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New Trolls - Concerto Grosso N. II CD (album) cover

CONCERTO GROSSO N. II

New Trolls

 

Rock Progressivo Italiano

2.95 | 65 ratings

From Progarchives.com, the ultimate progressive rock music website

Queen By-Tor
Special Collaborator
Honorary Collaborator
2 stars Not quite the same...

Having purchased a compilation disc which featured the albums Concerto Grosso Per I and Per II it was a tough choice which album to start my adventure with the New Trolls. Having been more intrigued with the cover art for this, the second album in the series I decided to put this album on first, I have no idea why, since the first one was rated higher and to start the disc on track one would have been the normal thing to do, but no, I decided to start with Concerto Grosso Per II. I just about got rid of the disc on that first listen. Thank god I went back and discovered the majesty of the first album, otherwise I would have missed out on something really good.

This album is nothing that the first part was. While the first album had a rich and luxurious sounding progressive music backed by neo-classical stylings this one seems to have forgotten about the ''prog'' part and is just aimed at the neo-classical with a hint of commercial rock. Themes from the first album are recycled in the first movement of this album (which is considerably shorter, I might add, than the first album's concerto) and in general the entire thing sounds very flat. The synths which are used sound almost transparent and so cheesy in their sound that they sound like you should put on one of those old British wigs and start calling down the middle class. While the first album walked the fine line between pomp and pretentious, this album kicks that line, dances on it, and then goes running in a most comical fashion with its arms waving above it like some inflatable arm flailing tube man all the way over to the pretentious side. The last album sounded like intelligent neo-classical music for prog fans, this sounds like music that's ''better than you are'', making it highly inaccessible.

This doesn't stop at the end of the 3 part concerto, however. This album has a multitude of songs instead of two complex movements, and the rest of the songs find the band discovering what made Queen successful in the 70s. Most of the songs sound either like an Italian Queen or a Queen cover band. This even leaks into the concerto itself as 3 Tempo: Moderato (Fare You Well Dove) sounds like it could have come from Queen with its melodies and harmonized vocals. Other songs like Vent'Anni are pleasantly acoustic with Italian vocals. Quiet Seas suffers again from the Queen Syndrome, but the emotive vocals are enough to pull it through.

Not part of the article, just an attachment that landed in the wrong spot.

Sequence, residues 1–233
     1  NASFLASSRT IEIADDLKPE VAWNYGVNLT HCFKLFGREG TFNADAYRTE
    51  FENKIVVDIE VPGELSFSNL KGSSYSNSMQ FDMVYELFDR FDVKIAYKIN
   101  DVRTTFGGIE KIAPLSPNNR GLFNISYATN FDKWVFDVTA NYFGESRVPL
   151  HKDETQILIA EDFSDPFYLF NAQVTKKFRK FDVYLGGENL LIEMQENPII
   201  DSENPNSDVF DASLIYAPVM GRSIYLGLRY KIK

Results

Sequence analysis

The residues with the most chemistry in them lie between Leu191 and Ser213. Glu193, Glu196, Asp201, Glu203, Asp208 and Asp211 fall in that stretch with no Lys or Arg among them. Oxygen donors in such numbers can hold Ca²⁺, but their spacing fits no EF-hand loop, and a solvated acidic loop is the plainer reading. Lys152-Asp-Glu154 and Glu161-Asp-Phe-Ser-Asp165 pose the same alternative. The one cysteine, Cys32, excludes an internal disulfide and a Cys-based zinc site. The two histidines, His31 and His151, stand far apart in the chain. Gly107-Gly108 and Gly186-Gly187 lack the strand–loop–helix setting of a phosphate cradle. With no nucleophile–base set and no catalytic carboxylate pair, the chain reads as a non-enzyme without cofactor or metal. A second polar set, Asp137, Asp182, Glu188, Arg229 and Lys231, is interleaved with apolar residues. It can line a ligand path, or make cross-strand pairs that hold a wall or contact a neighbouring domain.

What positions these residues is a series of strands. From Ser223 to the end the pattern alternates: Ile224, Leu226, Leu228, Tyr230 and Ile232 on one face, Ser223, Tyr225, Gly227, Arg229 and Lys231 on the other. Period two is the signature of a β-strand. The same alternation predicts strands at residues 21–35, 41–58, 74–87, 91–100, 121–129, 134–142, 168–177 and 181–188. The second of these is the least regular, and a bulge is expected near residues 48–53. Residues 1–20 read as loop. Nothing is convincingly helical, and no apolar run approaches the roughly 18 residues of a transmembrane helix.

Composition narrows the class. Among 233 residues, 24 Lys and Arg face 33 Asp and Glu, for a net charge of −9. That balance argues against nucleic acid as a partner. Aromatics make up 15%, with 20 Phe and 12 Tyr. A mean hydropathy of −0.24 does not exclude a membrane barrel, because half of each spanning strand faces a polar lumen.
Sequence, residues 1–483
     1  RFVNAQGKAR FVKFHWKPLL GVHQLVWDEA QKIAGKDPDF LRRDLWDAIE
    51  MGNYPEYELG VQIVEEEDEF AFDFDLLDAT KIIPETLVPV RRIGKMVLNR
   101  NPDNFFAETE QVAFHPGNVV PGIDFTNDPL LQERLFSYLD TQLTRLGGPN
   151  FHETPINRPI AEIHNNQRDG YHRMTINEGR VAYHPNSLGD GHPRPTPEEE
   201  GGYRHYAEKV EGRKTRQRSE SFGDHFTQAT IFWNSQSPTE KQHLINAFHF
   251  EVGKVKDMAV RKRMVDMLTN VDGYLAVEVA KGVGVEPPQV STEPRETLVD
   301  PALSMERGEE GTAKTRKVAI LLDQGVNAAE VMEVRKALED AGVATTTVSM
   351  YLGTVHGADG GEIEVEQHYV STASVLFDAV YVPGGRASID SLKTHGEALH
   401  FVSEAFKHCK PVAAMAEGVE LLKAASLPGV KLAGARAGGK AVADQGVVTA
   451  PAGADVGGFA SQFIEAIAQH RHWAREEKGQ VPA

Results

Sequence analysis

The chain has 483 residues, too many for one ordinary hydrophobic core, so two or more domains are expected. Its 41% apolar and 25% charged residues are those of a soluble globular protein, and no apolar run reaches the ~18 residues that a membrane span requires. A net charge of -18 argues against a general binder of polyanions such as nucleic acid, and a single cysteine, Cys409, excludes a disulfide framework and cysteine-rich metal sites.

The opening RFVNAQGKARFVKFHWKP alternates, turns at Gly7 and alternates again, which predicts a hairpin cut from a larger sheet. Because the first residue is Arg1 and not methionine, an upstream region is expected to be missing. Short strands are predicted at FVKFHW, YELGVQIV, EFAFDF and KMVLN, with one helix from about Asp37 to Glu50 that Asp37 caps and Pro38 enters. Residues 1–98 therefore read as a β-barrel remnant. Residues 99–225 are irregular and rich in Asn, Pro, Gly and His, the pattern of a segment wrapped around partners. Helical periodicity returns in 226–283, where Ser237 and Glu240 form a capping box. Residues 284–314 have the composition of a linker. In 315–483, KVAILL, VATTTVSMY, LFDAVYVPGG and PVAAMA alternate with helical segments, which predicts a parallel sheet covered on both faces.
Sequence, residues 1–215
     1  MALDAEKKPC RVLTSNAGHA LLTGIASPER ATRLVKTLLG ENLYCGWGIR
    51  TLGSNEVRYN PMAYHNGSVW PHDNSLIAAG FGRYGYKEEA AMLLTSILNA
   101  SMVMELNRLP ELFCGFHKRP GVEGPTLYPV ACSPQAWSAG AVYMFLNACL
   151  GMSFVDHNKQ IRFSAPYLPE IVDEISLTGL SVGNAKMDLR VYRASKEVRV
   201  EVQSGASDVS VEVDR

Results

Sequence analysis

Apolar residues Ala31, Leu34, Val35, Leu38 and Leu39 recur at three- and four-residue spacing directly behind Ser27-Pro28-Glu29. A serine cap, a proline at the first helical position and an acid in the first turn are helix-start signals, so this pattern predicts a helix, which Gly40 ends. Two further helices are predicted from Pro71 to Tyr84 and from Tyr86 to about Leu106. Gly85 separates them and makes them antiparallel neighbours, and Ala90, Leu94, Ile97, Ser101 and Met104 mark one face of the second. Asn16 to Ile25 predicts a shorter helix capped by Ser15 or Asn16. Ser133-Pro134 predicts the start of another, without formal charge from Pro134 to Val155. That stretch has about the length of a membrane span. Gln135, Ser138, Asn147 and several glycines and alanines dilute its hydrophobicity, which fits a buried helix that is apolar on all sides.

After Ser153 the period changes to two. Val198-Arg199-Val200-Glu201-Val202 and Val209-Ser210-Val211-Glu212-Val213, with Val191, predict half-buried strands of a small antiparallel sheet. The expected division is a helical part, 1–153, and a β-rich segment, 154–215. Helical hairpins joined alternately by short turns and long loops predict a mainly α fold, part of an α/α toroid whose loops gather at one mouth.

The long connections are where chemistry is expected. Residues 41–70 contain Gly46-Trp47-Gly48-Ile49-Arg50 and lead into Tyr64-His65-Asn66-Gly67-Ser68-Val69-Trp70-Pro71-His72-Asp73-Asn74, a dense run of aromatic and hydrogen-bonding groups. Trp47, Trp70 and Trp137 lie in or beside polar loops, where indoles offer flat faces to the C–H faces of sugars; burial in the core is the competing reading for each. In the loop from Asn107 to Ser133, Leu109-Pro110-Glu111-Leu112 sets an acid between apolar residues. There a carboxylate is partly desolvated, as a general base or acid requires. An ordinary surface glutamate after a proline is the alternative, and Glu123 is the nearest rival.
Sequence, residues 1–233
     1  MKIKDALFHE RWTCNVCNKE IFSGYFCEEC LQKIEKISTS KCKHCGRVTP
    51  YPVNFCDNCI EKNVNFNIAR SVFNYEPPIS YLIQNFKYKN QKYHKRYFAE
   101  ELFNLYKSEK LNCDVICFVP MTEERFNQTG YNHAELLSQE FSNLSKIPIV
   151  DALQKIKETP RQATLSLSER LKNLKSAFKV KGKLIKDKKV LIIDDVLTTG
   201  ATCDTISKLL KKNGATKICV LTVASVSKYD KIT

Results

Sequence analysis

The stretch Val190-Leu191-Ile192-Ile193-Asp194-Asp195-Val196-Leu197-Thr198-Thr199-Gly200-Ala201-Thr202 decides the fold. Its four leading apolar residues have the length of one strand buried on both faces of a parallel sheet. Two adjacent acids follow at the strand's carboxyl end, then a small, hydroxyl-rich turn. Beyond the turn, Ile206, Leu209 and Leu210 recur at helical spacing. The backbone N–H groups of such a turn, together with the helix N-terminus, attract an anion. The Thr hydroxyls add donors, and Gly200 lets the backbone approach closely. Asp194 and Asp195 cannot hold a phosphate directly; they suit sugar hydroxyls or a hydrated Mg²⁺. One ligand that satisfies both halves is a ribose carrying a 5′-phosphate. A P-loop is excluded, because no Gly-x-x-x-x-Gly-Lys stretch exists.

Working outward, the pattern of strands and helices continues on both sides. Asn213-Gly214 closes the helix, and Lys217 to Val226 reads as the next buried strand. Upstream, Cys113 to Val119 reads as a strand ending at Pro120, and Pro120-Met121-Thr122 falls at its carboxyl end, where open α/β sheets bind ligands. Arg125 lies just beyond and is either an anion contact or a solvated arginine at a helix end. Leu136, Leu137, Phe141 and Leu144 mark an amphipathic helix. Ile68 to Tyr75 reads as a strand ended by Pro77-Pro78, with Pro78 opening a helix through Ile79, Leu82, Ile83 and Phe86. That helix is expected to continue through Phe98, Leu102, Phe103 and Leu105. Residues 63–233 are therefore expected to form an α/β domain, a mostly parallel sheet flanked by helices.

The problem here really isn't the apparent attempt to copy the band's earlier work, nor is it a problem that they seem to be borrowing from other bands, it's that there's nothing particularly memorable about the album. While the first album's two movements were full of bombast and incredible pomp this one seems lackluster, moving more for the accessible short pop-ish songs rather than the 20-minute improvisational instrumentals. The standout song on the album is likely the last tune because it's the only one who dares to be experimental and actually uses a very distinct melody. For that reason, and for its impressively fast playing and creepy vocals, Le Roi Soleil really is a classic track, but unfortunately the only one on the album.

This album is really just for the fans. You'll find it sew onto every copy of Per I that's on cd since there was enough room to remaster both of them on one disc - like some sort of two headed monster, one of which bows to your every need and the other is a zombie looking to eat your brains - but you can consider it a selection of off cuts that came years too late. Fans will appreciate it, and it's not painful to listen to, just forgettable. Don't start with this album if you're new to the band, or indeed, the scene. Per I was masterful, this is bleh. 2 stars, fans only.

Queen By-Tor | 2/5 |

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